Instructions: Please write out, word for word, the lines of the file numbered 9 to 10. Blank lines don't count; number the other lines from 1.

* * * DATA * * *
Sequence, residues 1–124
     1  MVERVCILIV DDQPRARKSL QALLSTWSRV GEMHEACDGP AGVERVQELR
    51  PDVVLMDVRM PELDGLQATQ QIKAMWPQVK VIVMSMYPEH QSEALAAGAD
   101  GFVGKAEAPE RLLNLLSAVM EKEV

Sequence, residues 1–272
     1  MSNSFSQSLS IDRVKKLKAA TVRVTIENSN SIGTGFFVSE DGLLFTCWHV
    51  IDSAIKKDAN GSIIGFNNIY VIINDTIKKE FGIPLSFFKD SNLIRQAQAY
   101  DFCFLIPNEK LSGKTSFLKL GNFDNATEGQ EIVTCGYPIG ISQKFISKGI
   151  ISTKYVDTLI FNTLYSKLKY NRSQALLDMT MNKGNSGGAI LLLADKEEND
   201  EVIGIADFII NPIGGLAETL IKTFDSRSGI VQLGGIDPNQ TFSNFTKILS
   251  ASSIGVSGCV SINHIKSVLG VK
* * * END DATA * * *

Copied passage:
   151  ISTKYVDTLI FNTLYSKLKY NRSQALLDMT MNKGNSGGAI LLLADKEEND
   201  EVIGIADFII NPIGGLAETL IKTFDSRSGI VQLGGIDPNQ TFSNFTKILS